You can go to “” for much more detail on the ongoing and future work to be done. All this work directly impacts the quality of life and safety to both residents and property while also contributing to the economic viability of our businesses and industry here. 

The City currently faces two significant problems in dealing with these projects and ongoing maintenance. First, as is true globally, materials costs have increased dramatically. For example: in 2018, the cost of a ton of asphalt was $63.25, but rose to $112.64 in 2022, an increase of 178%. Additionally, the cost of a square foot of concrete in 2018 was $4.87, and in 2022 that cost rose to $6.60, a 136% increase.  Due to these inflated construction costs, the ongoing maintenance projects will include fewer streets per year to stay on budget.

The second problem is a shortage of personnel. The Streets Crew is budgeted for 16 worker positions. However, we’ve been short 6 positions since October 2022. The issue of hiring qualified workers to get the road work done efficiently is an urgent priority. The city is looking into mitigating this issue with focused recruitment, salary enhancements, and the viability of subcontracting work.

On a positive note, the city has secured several large grants to help with projects:

  • Through the Missouri Department of Transportation’s (MoDOT) Transportation Alternatives Program, TAP grants totaling approximately $1 million have been secured for improvements along Kingshighway, Marie Louise Lane, and Cape Rock Drive. This work will focus on sidewalk, intersection, and roadway improvements in areas frequented by pedestrians accessing parks, schools, municipal facilities, and businesses.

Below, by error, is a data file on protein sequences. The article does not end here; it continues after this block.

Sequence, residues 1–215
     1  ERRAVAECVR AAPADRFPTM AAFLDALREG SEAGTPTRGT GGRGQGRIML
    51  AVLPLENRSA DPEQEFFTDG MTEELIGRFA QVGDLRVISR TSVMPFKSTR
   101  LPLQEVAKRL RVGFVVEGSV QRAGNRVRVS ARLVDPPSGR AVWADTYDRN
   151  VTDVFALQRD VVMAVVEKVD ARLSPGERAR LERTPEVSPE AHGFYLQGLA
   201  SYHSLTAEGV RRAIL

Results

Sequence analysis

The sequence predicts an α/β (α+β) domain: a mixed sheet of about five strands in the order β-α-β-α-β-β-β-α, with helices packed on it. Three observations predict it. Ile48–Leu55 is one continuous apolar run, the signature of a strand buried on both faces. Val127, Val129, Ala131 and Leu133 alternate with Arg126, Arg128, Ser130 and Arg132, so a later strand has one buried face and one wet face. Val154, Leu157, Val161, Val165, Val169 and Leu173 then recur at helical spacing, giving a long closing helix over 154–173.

• The Missouri Department of Natural Resources awarded the City $2.68 million to upgrade street crossings in the Lisa Branch Watershed. These crossings include Westwood Dr, Glenridge Dr, Melrose Ave, and Lisa Dr.
  • The City received a MoDOT cost-share grant to construct a new connection at Minnesota and Shawnee Parkway. This will improve neighborhood access to the community center and pool at Jefferson Elementary. The Engineering Division is working with MoDOT on the design.

All of this work will significantly increase pedestrian and driver safety and improve traffic flow in these areas.

The City also has an important additional tool for developing and maintaining roads with the Transportation Trust Fund (TTF). Since 1995, voters have approved the TTF tax six times, which adds a half-cent sales tax to apply to street projects. The city’s Engineering Division manages TTF projects. Visit “” to see all of the completed, current, and upcoming street renovation projects.